Parris, Samuel

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Samuel Parris (1653 – February 27, 1720) was the Puritan minister in the town of Salem Village (now Danvers, Massachusetts) during the Salem witch trials, as well as the father to one of the afflicted girls, and uncle of another.

The events that lead to the Salem witch trials began when his daughter, Betty Parris, and her cousin Abigail Williams accused the family's slave Tituba of witchcraft. In February of 1692, Betty Parris began having "fits" that the doctor could not explain. Parris beat Tituba and compelled her to confess that she was a witch. The hysteria lasted sixteen months, concluding with the Salem witch trials.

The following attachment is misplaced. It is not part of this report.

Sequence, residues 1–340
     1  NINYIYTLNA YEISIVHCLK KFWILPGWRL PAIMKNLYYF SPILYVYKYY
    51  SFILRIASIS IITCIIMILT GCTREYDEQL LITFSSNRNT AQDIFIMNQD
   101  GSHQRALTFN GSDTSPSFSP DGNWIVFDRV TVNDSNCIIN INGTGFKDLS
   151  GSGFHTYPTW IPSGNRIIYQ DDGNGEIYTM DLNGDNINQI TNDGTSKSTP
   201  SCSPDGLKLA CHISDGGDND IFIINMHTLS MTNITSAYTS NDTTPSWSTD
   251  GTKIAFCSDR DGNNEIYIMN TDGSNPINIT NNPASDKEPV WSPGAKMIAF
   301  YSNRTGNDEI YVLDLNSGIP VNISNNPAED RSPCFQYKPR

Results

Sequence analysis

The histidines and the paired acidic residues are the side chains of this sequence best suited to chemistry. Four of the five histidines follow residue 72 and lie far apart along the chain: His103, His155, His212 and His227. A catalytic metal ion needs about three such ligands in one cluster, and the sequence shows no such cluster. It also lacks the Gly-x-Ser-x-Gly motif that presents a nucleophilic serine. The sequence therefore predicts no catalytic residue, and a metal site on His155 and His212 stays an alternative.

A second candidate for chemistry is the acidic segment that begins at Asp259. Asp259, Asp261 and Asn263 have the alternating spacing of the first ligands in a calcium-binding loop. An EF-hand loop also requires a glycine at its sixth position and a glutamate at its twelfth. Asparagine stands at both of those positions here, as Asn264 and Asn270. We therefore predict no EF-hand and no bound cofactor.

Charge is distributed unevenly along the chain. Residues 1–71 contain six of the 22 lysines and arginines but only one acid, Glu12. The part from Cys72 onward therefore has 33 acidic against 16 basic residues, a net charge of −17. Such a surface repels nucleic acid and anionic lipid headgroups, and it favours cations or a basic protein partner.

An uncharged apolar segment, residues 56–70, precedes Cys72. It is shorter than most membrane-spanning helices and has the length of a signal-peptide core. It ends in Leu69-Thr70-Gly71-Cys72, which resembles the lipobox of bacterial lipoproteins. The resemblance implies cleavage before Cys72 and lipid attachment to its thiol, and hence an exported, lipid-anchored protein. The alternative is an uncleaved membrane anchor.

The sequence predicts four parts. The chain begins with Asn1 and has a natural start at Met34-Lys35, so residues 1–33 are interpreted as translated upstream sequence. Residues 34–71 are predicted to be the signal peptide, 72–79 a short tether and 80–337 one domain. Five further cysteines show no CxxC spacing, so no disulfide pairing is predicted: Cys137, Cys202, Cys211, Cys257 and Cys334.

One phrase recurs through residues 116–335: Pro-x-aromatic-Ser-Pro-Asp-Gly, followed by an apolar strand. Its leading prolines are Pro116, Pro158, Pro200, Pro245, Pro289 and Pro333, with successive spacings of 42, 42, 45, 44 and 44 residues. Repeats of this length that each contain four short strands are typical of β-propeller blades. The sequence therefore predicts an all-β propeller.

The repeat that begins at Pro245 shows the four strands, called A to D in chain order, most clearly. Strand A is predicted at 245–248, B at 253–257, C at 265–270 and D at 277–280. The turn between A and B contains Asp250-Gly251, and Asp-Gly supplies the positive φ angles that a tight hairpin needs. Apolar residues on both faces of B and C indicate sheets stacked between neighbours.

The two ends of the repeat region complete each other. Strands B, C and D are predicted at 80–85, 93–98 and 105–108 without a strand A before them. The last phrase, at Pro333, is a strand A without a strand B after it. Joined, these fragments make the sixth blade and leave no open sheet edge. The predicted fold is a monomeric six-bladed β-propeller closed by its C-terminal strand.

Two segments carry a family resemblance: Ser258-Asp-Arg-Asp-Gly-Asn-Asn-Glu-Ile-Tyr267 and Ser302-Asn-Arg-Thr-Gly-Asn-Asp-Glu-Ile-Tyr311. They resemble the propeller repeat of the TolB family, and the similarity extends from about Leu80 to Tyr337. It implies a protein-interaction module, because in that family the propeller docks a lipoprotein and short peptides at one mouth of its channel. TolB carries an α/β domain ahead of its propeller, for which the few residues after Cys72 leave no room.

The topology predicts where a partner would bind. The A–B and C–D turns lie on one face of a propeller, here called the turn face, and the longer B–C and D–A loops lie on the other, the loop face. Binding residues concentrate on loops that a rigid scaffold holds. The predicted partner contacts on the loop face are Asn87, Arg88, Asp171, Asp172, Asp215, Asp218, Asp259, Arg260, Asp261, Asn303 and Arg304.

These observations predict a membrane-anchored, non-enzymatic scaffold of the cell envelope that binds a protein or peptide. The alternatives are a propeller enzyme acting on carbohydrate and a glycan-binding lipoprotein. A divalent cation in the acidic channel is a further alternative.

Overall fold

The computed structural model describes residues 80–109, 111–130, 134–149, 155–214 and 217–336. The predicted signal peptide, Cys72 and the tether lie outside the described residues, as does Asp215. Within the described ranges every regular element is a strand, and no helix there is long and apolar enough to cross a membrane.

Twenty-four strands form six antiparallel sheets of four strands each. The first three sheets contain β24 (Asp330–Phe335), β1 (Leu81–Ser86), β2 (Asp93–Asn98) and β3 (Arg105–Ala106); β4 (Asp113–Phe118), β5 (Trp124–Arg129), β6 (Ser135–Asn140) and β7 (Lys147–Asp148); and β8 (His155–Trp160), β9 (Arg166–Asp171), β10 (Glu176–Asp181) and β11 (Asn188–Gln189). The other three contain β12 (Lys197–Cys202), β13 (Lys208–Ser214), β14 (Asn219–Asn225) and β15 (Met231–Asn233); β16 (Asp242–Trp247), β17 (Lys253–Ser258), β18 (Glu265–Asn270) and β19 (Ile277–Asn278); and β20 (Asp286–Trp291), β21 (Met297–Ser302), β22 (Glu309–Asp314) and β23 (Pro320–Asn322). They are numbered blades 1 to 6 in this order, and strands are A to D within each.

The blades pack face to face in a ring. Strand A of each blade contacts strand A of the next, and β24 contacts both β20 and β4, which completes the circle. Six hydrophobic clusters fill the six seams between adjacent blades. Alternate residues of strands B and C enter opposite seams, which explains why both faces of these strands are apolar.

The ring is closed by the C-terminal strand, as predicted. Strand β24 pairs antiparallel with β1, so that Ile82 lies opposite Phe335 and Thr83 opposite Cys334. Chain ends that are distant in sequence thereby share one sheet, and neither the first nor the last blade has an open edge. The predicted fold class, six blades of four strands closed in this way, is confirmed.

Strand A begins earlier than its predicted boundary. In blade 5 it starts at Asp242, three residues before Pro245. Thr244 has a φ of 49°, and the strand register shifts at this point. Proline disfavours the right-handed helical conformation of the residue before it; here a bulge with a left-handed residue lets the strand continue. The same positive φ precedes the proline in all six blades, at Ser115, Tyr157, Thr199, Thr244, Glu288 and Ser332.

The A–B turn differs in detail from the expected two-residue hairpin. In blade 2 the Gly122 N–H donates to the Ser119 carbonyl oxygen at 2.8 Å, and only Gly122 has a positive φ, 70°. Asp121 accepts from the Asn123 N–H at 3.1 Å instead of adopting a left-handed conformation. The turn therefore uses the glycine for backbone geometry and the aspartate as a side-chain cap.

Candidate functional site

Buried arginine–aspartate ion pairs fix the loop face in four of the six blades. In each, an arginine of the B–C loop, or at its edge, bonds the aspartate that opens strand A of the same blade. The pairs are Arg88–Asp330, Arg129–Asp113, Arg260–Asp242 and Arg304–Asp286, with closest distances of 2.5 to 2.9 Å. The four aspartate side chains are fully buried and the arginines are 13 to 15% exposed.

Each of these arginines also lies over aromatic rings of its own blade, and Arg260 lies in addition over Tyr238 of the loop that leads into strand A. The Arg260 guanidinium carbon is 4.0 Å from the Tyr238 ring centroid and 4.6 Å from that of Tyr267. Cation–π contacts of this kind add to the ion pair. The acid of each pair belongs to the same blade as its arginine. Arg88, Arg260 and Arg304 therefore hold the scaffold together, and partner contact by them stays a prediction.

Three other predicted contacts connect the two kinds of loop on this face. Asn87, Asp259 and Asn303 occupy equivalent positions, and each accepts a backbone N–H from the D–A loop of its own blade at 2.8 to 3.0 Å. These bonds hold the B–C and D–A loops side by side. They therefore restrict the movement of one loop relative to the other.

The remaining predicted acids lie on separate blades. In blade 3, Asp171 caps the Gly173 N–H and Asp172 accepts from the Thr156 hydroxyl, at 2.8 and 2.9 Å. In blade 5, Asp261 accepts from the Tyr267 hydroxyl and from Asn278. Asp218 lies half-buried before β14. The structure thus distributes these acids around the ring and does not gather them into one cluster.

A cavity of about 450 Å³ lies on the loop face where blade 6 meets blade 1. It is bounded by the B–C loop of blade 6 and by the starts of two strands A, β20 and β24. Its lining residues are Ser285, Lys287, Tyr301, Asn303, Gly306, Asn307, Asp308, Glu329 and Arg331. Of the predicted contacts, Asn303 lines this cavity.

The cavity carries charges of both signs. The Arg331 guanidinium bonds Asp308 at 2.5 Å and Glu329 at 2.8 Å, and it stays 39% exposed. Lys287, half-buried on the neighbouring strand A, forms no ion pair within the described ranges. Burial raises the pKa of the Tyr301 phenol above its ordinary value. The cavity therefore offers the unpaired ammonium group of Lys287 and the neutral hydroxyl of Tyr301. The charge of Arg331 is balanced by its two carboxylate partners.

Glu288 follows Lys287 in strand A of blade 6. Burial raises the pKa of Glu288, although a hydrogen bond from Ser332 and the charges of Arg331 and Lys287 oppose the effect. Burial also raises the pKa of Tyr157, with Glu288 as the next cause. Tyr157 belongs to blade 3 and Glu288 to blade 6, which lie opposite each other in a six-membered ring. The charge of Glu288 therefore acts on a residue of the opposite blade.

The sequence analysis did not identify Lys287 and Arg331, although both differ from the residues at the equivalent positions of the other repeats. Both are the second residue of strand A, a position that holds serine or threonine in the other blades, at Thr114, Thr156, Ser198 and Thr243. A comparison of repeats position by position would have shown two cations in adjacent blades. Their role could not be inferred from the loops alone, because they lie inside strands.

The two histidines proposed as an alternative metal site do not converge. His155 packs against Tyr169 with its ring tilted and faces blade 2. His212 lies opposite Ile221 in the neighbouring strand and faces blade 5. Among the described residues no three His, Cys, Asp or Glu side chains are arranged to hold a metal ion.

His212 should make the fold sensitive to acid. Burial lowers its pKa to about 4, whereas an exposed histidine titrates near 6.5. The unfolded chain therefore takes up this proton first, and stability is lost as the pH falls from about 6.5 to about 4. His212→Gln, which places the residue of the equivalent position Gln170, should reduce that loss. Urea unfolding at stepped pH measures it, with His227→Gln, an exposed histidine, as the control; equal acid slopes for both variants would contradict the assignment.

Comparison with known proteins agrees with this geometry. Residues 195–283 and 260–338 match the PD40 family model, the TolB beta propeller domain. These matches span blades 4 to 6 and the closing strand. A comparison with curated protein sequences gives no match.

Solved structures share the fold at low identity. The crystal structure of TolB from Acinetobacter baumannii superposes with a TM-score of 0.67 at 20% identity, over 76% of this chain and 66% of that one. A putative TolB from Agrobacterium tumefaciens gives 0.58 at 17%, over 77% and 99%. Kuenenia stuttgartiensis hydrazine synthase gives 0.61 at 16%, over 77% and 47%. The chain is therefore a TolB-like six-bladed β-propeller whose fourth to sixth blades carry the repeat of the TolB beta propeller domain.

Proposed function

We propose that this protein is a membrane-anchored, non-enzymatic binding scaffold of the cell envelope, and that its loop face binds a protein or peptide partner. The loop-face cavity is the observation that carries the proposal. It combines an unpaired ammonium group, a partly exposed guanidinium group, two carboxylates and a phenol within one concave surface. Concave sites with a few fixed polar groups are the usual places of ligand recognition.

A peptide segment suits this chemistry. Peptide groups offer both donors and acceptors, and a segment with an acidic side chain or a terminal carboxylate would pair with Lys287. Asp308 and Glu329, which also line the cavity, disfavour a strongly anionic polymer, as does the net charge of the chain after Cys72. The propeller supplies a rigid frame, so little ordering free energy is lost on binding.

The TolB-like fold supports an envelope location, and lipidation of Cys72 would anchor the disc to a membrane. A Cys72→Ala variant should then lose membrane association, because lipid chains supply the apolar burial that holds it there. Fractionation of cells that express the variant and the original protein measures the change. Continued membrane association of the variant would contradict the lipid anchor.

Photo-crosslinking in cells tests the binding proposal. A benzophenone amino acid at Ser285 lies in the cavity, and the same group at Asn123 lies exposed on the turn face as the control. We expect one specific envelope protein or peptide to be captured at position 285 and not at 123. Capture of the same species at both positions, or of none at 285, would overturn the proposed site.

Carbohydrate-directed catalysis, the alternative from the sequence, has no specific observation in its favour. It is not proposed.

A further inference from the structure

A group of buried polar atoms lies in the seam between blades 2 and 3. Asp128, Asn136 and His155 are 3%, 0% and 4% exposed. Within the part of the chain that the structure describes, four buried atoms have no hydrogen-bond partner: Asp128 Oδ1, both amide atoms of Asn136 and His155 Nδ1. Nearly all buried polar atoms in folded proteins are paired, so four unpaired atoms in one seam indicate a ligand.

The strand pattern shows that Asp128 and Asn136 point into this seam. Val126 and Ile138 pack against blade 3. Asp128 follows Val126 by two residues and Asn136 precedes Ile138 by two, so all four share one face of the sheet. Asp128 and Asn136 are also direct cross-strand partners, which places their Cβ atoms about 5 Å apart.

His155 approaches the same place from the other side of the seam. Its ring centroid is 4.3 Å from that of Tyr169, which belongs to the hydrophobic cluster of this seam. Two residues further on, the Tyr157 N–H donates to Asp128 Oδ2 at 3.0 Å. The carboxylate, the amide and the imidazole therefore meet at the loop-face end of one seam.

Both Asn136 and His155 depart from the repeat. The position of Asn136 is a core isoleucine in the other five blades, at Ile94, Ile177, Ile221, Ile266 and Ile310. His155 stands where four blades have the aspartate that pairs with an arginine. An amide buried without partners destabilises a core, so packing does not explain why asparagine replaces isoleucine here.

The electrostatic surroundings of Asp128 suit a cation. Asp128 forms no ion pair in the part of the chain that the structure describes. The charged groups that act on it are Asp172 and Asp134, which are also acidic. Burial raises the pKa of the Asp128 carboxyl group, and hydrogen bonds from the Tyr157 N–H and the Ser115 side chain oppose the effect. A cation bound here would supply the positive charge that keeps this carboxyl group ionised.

His church brought charges against him for his part in the trials, leading him to apologize for his error. However, despite the intense dislike of the villagers, Parris stayed on for another four years after the panic had run its course. In 1697, he accepted another preaching position in Stow, and eventually moved on to Concord and Dunstable before his death in the town of Wayland on February 27, 1720.

See Also

Salem possessed; the social origins of witchcraft by Paul Boyer and Stephen Nissenbaum 1974.